Or it might be an opportunity: There’s external or environmental barriers blocking them from full performance. They don’t have the technology they need. You gave them a crappy computer. The software and that computer doesn’t work effectively. There are external factors that are blocking them from full performance. So even if they’re fully motivated, and they have full ability, they can’t deliver in a way you’ve asked them to and they know they want to.
And then finally, ability, which is about internal capacities. So, are they missing some skills, abilities, tendencies, capacities? Do they not have the habits that might be leading them toward positive engagement in a more consistent way over time? And if there’s an ability challenge, then you help them build those abilities through training, through support, through counseling, through coaching.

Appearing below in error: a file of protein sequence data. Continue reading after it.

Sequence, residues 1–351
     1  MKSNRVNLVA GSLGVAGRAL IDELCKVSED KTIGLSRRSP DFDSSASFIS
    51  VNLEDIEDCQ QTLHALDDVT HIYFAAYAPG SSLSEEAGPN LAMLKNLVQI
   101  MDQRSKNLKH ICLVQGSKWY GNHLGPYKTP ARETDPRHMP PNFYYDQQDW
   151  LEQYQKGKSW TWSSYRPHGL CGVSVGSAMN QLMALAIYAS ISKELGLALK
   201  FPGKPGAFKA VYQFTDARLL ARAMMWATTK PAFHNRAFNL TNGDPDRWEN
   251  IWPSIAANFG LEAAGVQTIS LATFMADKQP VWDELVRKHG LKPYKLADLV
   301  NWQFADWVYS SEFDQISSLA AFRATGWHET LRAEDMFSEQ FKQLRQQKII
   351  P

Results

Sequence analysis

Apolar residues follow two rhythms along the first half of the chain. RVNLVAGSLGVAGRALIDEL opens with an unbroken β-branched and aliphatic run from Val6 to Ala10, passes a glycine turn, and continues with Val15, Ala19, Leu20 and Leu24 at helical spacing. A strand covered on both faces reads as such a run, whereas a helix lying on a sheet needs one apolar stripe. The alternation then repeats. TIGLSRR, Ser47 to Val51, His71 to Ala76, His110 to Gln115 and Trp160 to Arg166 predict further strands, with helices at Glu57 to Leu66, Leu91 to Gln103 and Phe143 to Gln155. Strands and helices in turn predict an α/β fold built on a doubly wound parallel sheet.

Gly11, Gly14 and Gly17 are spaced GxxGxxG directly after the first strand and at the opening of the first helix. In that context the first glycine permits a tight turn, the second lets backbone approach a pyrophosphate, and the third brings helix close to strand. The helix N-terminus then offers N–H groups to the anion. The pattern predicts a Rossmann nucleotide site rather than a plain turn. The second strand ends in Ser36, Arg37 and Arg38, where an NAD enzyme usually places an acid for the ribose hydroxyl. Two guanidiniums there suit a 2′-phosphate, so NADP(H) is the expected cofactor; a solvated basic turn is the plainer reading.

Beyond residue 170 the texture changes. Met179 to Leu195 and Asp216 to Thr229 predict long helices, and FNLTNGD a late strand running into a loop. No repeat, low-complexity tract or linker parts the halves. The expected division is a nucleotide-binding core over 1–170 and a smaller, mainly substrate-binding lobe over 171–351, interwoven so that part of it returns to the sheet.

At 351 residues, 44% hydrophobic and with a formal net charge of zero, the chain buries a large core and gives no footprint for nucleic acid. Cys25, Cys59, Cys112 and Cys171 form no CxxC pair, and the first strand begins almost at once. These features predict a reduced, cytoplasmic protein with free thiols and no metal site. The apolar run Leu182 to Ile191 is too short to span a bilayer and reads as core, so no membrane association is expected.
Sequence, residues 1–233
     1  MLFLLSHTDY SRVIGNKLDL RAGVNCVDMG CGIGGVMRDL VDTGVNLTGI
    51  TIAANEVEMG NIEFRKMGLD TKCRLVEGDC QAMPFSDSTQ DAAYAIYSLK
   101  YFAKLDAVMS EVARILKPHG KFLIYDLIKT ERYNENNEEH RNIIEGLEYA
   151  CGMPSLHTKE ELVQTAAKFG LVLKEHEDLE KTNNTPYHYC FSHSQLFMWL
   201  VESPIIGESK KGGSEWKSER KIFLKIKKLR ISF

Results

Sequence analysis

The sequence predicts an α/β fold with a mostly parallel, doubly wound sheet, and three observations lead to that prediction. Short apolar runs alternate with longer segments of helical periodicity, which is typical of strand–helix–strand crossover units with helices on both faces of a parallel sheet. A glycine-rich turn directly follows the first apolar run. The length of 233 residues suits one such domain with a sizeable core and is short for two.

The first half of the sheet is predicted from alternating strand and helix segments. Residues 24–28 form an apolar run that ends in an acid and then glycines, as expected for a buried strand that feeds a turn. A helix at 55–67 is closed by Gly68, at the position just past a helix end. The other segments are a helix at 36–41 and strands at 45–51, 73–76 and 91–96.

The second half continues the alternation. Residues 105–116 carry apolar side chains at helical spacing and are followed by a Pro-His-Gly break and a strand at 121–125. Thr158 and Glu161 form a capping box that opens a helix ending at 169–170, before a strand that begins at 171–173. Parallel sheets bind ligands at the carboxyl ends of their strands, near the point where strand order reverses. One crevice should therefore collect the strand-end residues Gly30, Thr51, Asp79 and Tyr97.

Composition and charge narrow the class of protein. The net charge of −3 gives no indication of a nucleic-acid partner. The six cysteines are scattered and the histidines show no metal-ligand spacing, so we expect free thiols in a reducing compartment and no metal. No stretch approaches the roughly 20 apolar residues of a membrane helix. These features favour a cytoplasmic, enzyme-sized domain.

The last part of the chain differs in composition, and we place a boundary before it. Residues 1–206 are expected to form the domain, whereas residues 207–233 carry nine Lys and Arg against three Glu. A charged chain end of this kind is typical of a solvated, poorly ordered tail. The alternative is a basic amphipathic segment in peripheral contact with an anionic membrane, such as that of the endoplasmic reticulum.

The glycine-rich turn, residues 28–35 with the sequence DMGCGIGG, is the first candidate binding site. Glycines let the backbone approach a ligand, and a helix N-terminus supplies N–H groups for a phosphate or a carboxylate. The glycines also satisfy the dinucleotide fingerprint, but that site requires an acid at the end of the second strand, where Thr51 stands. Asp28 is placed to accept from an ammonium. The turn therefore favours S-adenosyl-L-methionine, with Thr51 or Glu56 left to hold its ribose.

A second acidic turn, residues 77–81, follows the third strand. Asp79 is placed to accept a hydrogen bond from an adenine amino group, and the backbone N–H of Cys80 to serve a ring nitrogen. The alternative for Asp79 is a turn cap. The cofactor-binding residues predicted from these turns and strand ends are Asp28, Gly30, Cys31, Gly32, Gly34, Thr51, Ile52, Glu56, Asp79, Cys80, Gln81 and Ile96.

If you find yourself facing an issue or challenge of complex human behavior, which is pretty much everyday work for the arts manager, maybe think about these three magic words to help you find your way through: motivation, opportunity, and ability. Not only do they help untangle and decipher complex human behaviors, and also suggest positive outcomes or actions you might take to move forward. They also remind you to not necessarily push all the time, but sometimes to look for the barriers that are blocking people from their best performance, their positive engagement, or their full participation in the work.
And if you’re MOTIVATED to learn more about this framework, I’ve given you the OPPORTUNITY to connect to some external resources in the comment section of this website. So you can build your ABILITY to use it often and well.